Blood Clots

Sorry, no news articles match your request. Your search criteria may be too narrow.

A thrombus (Greek θρόμβος), or blood clot, is the final product of the blood coagulation step in hemostasis. It is achieved via the aggregation of platelets that form a platelet plug, and the activation of the humoral coagulation system (i.e. clotting factors). A thrombus is normal in cases of injury, but pathologic in instances of thrombosis.

Mural thrombi are thrombi adherent to the vessel wall. They are not occlusive and affect large vessels, such as heart and aorta. Grossly they appear grey-red with alternating light and dark lines (lines of Zahn) which represent bands of fibrin (darker) with entrapped white blood cells and red blood cells (lighter).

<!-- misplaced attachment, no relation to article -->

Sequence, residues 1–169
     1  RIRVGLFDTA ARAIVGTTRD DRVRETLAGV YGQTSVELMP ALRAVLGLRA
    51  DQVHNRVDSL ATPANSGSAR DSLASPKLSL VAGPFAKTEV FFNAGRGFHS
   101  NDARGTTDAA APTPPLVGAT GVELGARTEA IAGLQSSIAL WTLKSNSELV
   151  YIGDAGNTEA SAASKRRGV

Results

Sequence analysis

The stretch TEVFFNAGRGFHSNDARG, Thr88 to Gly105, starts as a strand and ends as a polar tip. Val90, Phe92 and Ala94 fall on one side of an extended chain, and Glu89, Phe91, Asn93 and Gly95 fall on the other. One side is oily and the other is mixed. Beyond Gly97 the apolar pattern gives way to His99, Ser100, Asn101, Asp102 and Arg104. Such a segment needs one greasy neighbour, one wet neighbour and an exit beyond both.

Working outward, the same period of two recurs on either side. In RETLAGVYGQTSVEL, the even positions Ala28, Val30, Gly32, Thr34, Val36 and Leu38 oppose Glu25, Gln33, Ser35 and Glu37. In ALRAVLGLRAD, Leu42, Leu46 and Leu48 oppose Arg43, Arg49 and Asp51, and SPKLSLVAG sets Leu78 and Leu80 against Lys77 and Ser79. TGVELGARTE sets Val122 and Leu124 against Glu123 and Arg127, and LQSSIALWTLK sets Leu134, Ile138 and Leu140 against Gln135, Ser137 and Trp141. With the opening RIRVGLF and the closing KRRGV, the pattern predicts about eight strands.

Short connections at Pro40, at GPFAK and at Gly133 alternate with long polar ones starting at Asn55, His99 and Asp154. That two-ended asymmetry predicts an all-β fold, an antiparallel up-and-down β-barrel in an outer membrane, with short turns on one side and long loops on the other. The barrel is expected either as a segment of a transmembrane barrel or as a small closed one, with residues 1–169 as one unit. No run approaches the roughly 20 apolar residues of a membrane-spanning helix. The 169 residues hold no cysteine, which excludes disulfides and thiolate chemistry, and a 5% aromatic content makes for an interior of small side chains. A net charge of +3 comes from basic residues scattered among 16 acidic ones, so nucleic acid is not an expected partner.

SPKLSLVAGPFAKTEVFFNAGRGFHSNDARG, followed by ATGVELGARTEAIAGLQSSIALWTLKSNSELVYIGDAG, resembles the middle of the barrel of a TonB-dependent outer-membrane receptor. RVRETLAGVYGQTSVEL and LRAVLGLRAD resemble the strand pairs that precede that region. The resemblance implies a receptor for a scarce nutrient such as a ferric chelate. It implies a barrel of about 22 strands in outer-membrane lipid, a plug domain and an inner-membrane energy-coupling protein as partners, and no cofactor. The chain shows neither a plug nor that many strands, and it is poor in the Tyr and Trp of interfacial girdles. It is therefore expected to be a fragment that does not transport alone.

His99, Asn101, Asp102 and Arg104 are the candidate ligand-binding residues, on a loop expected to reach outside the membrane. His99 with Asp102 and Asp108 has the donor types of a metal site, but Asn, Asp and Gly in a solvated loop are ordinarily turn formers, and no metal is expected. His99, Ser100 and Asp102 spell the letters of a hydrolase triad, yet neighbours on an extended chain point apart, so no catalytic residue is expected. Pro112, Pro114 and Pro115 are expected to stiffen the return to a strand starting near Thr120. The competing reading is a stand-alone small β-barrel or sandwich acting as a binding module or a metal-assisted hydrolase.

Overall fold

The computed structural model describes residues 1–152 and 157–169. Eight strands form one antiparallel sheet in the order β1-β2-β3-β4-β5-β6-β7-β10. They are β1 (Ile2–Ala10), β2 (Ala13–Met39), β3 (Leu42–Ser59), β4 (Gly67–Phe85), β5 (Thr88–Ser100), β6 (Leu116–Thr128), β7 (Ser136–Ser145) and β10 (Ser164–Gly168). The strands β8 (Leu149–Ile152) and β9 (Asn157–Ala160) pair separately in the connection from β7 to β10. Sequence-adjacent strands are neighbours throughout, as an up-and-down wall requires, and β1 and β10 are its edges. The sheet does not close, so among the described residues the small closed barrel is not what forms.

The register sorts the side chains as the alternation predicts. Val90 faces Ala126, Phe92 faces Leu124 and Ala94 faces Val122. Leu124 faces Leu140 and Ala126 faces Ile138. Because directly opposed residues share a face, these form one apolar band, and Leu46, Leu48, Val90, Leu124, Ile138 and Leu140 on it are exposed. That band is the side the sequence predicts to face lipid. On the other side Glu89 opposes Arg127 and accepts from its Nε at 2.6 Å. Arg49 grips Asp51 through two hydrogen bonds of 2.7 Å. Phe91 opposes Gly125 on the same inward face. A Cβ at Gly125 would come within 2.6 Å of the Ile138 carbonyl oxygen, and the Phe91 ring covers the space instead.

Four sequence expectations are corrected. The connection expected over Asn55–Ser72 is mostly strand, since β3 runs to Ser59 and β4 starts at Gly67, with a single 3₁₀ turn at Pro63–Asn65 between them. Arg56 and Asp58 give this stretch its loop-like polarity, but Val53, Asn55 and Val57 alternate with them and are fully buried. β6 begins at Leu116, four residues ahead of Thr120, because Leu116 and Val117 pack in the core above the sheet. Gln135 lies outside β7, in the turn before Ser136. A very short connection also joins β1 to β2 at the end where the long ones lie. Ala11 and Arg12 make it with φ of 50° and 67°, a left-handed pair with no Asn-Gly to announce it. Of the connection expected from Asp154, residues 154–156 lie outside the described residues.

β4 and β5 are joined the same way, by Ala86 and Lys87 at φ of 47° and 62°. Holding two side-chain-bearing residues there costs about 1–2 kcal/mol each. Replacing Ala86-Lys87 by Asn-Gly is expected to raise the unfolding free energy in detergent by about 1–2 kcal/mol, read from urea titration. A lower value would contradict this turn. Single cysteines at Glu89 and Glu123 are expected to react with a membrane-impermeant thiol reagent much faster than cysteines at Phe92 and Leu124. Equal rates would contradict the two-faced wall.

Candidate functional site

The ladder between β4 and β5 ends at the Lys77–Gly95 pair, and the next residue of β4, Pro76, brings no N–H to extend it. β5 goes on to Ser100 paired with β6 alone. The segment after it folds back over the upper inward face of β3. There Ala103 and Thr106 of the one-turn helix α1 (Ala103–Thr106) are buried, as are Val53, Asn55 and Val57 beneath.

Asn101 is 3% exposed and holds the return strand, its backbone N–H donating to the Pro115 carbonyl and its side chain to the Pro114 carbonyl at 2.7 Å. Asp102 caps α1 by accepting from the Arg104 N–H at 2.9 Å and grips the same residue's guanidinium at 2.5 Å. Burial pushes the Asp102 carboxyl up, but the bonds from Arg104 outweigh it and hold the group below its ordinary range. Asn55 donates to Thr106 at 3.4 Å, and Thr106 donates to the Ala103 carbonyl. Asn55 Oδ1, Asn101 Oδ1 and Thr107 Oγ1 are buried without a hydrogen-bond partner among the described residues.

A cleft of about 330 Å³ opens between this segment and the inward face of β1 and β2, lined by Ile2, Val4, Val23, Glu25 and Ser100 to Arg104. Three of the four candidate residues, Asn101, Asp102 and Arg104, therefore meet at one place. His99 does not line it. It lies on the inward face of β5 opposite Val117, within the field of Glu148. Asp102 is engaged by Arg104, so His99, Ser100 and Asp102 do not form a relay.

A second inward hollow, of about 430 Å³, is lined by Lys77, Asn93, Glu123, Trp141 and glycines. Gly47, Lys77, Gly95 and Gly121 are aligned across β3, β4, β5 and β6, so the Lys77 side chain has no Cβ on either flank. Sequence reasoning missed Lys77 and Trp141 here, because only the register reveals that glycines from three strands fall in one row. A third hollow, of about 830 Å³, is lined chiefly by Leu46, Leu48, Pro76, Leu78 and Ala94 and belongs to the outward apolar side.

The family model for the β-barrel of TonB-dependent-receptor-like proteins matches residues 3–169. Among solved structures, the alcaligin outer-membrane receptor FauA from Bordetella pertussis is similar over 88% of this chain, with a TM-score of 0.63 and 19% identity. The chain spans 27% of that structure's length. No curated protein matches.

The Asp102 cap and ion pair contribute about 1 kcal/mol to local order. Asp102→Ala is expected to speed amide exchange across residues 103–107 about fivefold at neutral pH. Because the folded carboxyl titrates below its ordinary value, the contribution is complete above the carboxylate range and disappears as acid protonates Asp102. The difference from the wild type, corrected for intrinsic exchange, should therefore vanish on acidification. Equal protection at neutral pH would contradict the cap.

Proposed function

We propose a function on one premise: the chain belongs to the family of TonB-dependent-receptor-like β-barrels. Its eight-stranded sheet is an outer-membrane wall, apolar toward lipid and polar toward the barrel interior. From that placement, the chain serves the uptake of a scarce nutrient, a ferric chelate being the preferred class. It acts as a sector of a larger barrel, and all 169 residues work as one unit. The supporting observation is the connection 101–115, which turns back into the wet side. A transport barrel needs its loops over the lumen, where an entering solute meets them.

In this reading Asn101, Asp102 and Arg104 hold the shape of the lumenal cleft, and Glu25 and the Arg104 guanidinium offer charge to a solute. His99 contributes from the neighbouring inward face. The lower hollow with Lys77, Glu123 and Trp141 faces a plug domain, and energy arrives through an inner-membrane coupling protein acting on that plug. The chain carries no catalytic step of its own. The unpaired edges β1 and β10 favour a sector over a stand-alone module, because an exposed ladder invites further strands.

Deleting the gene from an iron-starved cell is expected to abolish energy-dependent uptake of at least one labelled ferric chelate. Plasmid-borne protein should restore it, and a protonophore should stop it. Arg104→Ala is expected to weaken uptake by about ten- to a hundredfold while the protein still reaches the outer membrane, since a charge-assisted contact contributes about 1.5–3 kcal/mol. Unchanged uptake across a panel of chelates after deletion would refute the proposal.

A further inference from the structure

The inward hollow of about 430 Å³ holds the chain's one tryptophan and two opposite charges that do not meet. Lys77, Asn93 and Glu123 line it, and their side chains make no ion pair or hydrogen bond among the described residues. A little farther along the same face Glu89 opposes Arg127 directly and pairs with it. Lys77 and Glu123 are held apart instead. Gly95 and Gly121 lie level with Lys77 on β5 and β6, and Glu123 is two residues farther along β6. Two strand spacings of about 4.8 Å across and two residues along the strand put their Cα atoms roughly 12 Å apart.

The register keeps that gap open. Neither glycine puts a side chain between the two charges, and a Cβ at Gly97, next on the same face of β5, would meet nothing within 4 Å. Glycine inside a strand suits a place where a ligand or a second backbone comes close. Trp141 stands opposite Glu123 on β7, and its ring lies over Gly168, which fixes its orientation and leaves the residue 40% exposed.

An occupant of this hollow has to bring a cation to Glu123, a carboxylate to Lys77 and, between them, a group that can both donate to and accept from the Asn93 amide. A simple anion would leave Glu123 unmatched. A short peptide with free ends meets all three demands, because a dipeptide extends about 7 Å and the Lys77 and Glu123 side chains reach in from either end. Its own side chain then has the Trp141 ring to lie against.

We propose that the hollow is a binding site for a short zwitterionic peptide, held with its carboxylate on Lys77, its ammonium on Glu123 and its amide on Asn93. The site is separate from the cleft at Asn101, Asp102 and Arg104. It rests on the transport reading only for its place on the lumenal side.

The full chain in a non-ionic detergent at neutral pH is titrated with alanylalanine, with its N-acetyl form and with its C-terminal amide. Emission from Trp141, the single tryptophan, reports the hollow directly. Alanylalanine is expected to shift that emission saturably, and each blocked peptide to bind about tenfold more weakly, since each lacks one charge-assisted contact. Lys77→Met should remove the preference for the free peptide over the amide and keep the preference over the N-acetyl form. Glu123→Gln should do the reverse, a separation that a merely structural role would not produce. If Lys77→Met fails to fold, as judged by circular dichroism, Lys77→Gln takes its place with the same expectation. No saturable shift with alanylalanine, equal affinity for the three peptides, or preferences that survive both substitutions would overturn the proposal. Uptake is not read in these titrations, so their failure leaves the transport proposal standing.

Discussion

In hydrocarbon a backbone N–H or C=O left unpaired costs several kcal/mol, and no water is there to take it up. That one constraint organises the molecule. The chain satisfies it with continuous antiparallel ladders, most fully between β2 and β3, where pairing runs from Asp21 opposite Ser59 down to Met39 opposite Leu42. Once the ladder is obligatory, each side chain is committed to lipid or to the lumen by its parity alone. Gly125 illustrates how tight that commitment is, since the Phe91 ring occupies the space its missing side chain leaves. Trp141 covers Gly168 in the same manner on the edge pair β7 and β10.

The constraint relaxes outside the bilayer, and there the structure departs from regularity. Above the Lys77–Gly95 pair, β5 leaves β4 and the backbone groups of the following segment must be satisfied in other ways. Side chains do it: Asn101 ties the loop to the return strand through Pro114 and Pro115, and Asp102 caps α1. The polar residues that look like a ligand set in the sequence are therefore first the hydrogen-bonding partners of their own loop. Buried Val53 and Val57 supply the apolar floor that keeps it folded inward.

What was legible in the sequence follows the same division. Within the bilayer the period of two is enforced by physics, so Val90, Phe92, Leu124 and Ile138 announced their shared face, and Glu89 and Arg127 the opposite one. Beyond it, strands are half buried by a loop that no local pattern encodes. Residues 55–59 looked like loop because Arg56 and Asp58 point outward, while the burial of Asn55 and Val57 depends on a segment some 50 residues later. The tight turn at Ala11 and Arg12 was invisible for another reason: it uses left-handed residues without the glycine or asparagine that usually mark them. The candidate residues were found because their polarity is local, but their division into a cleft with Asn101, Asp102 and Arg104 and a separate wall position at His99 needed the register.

This text uses material from Wikipedia licensed under CC BY-SA

Latest Spotlight News

Are my muscular dystrophy drugs working?

People with muscular dystrophy could one day assess the effectiveness of their medication with the help of a smartphone-linked device, a new study in mice suggests. The study used a new method to process ...

New viral tools for mapping brains

(Medical Xpress)—A brain-computer-interphase that is optogenetically-enabled is one of the most fantastic technologies we might envision today. It is likely that its full power could only be realized under ...